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Physics Summer Camps

Hot air balloons

In response to studies showing that middle school and high school students progressively lose interest in STEM topics, IPFW departments began developing summer math and science camp programs to help increase an interest in these areas. When Professor Mark Masters (physics) inherited the Math & Science camp, he also added others that, according to Associate Professor Gang Wang (physics), “offer a fun environment to stimulate kids’ interest in science.”

The original Math & Science camp was created more than sixteen years ago for middle-school-aged children. Each year, the camp centers around a main project: Legohot air balloons, pine wood race cars, or water rockets. This year was hot air balloons. Campers studied buoyancy as they created multi-colored hot air balloons that they launched over campus. Other fun camp activities included building Lego robots fitted with optic sensors that campers programmed to navigate mazes and follow commands. 

Seven years ago, Masters created a physics camp for high schoolers in response to a local shortage of physics teachers and classes. Campers learn advanced physics concepts through the camp activities, and as with the Math & Science camp, the Physics camp has a central project each year, usually related to light, lasers, optics, or astronomy.  This summer, the campers learned about spectronomy and astronomy by building portable shoebox spectrometers (instruments that measure the properties of light). They also created telescopes for daytime sun and moon observation and exploring light refractions.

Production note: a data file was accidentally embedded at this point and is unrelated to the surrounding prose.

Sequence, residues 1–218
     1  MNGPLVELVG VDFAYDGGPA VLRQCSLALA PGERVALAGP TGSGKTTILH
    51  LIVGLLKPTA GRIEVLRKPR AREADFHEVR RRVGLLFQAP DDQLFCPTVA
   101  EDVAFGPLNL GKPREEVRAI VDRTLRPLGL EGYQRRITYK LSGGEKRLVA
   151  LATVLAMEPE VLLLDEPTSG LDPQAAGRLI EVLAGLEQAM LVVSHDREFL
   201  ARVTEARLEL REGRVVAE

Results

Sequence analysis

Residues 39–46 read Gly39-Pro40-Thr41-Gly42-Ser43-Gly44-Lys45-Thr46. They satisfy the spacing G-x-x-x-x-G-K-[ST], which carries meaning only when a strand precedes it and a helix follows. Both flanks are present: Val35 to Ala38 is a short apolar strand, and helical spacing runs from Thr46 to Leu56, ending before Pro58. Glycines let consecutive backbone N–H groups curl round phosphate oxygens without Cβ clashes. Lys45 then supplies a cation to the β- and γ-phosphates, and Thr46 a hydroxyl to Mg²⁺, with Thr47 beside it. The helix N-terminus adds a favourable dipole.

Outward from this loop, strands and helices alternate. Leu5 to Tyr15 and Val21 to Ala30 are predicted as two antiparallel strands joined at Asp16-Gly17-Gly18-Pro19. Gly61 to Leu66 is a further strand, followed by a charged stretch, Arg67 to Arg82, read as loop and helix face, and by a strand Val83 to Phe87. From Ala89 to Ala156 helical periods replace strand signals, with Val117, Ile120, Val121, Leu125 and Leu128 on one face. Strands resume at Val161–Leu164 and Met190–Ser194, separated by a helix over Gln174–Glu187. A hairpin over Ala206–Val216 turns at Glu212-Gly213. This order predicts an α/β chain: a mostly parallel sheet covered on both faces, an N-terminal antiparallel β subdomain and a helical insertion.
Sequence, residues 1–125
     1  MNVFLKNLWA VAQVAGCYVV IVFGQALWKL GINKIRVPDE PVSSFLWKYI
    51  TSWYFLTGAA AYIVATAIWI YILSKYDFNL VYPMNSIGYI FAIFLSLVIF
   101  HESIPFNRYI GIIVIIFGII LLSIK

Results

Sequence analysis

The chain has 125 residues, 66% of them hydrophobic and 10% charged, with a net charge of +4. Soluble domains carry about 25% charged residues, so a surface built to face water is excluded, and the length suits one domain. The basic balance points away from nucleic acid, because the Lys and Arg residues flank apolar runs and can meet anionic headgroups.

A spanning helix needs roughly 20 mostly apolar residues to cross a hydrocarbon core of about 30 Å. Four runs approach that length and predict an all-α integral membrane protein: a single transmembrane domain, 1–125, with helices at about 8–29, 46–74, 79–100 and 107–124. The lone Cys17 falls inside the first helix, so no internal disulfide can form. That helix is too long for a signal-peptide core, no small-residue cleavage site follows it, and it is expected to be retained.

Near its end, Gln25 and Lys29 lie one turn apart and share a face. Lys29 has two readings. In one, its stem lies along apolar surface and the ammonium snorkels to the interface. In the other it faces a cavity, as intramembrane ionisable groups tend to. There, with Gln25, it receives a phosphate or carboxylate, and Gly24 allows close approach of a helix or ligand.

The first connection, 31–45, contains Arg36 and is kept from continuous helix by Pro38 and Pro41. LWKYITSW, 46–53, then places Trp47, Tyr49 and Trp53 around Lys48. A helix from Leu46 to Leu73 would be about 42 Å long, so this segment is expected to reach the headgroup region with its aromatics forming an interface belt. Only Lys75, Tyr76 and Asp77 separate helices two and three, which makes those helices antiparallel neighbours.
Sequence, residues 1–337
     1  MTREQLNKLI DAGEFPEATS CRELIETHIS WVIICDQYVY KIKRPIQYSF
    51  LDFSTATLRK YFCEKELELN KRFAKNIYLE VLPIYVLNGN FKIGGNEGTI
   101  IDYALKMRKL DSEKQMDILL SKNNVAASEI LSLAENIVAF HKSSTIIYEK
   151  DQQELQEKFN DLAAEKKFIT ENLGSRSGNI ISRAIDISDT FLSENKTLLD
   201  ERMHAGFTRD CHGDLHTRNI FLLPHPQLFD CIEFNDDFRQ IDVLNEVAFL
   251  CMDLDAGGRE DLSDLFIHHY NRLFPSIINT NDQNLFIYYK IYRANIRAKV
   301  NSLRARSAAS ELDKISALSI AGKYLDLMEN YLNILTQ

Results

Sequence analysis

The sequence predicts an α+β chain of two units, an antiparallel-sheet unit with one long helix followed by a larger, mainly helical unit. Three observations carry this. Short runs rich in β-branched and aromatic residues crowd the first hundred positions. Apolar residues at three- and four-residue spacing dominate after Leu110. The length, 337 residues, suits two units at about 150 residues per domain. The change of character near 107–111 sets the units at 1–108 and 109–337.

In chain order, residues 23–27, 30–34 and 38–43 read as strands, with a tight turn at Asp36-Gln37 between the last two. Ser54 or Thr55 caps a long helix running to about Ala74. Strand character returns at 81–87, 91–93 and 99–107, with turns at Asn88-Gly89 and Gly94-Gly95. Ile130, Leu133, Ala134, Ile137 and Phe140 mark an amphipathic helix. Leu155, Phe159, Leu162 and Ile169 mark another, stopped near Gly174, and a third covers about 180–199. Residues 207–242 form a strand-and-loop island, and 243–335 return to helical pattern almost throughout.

New to this year’s schedule, the Smarty Pants Camp was created by senior physics major Danielle Bishop. Bishop noticed the lack of female participants in the Math & Science camp and the interest seven- to ten-year-old girls showed in the sciences, so she thought that a camp for younger children might help. “We have three days of activities, with three fun themes. The first day we have ‘Why do rainbows form on bubbles?’; the second, ‘Why do things fall over?’; and the third, ‘How do lightbulbs work?’”

Although the camps are entertaining, as physics instructor Jacob Millspaw notes, the real emphasis is on learning: “Often camps revolve around building things. Follow some instructions and at the end you have a device, but you do not know how or why that device works. The fundamental backbone of science is that understanding. It is important to incorporate conceptual understanding of the topics involved in all of the activities of the camps.”  And the excitement displayed by campers as they watched their balloons soar into the sky indicated that the department has successfully created an educational experience within a fun environment.  

To learn more about the physics department and summer camps, contact the physics department.